The common theme of the Maidstone MG Trophy season-opener was recovering from adversity. Reigning champion Graham Ross won race one after starting seventh following “a gamble that didn’t really pay off” of running slicks in wet-but-drying qualifying. Ross was aided to victory by Doug Cole spinning on fluid at Clearways – one of several to spin there – then by Ross Makar retiring from the lead when throttle body screws got loose and were sucked into his engine.
Ross was chased home by returning three-time champion Chris Bray, who wasn’t letting Ross relax despite Ross’s self-admitted desire to cruise to the flag! “It was more to do with the attrition of a couple of others,” said a modest Ross of his win.
Sam Kirkpatrick looked on for Class B victory but retired with a clutch failure on his ZR 170 – “it gradually got worse,” Kirkpatrick said, “first it wouldn’t go into second and then it wouldn’t go into anything”. Paul Luti competing in that class also hit problems with his 170, with a water pipe for his coolant detaching and leaking fluid onto his tyres. Further, Luti didn’t realise this was amiss until the race finished; he also didn’t realise what was happening to his engine temperatures without coolant, as his temperature sensor was in fresh air! It meant a frantic engine repair for race two due to the overheating.
The Class B win was instead taken by Richard Marsh (no. 19) who after starting at the back of the class grid headed a fine scrap with Samuel Johnston and Adam Jackson. This also got Marsh Driver of the Race.
Cole (no. 99) later in the race was hit in the side by Tylor Ballard’s 170 who was out of shape in avoidance of another car losing it, and had to visit the pit lane for a frantic door lock repair.
In Class C Croker (no. 96) got the better start and lead for 14 laps before Bacon (no. 136) took over the lead which he held to the line, finishing 0.24 seconds ahead of Croker.
Fastest Laps – A: Bray 55.012 on lap 19, B: Johnston 57.231 on lap 21, C: Bacon 59.401 on lap 12
Millers Oil Driver of the Race – Richard Marsh
After Cole’s (no. 99) eventful race 1 and starting race 2 from pole, he was determined to make amends. “I had to do something about it; I had to win,” said Cole of the second race, and he did just that by leading home a four-car battle and resisting enormous pressure from Makar, Bray – who discovered after the race he’d picked up a left-rear puncture after running over debris – and Ross. It also earned Cole Driver of the Race and Driver of the Day for Saturday.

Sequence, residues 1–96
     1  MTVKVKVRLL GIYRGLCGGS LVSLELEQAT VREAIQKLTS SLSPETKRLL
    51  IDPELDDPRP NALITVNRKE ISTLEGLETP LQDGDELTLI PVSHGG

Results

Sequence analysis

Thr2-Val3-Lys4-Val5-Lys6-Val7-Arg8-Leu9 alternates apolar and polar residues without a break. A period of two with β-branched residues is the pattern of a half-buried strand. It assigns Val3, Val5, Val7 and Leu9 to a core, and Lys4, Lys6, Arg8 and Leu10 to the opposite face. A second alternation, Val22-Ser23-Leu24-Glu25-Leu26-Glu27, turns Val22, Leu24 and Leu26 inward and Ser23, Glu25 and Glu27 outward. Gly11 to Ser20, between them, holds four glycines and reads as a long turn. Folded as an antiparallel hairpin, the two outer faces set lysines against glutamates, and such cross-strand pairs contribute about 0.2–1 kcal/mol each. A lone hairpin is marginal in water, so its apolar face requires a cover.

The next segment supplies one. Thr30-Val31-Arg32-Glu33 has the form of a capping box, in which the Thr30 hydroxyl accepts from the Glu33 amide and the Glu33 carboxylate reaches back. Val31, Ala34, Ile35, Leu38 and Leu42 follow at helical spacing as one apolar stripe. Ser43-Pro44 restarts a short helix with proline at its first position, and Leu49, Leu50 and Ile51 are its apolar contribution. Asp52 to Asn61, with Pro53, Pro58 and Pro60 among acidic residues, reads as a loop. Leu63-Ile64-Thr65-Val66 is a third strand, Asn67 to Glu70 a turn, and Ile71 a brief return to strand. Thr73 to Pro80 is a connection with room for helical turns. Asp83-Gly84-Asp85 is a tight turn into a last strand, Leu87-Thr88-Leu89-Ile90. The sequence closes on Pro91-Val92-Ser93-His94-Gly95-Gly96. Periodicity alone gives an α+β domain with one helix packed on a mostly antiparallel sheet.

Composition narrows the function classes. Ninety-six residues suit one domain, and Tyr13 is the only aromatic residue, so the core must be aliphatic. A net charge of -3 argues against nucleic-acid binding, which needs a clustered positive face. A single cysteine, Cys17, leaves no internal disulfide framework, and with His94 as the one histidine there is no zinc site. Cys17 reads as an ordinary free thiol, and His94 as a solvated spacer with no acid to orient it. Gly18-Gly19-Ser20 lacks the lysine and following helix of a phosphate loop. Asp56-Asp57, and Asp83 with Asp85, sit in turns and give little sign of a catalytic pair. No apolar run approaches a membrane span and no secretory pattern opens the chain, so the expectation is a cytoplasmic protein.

“I’ve had a few races like that in terms of pressure, but nothing like for 18 laps,” said Cole, who had the added challenge of not having timing and therefore having no idea how many laps remained. “It was just like keep putting the car in a safe place. We’ve been racing for 10 years together so we know each other really well; we don’t knock each other off.”
“It was just nose-to-tail for lap after lap,” added Ross. “It was just awesome, and pretty clean from where I was sitting. It’s one of those ones you come off with a big grin on your face.”
Kirkpatrick got “a bit of a redemption” by winning Class B in race two, passing Luti partway through when Luti got stuck behind a 190; Kirkpatrick started the move at Clearways and completed it at Paddock.
In Class C again Croker had the better start, but this time only led for a single lap before Bacon took over the class lead which he held for a further 18 laps till the flag. Commenting on his two wins afterwards 19-year-old Bacon dedicated the second win to David Heasman who he had enjoyed some close racing with last year.
Fastest Laps – A: Bray 55.376 on lap 19, B: Luti 56.719 on lap 16, C: Croker 59.062 on lap 15
Millers Oil Driver of the Race – Doug Cole
Driver of the Day – Doug Cole
MG Trophy Championship Co-ordinator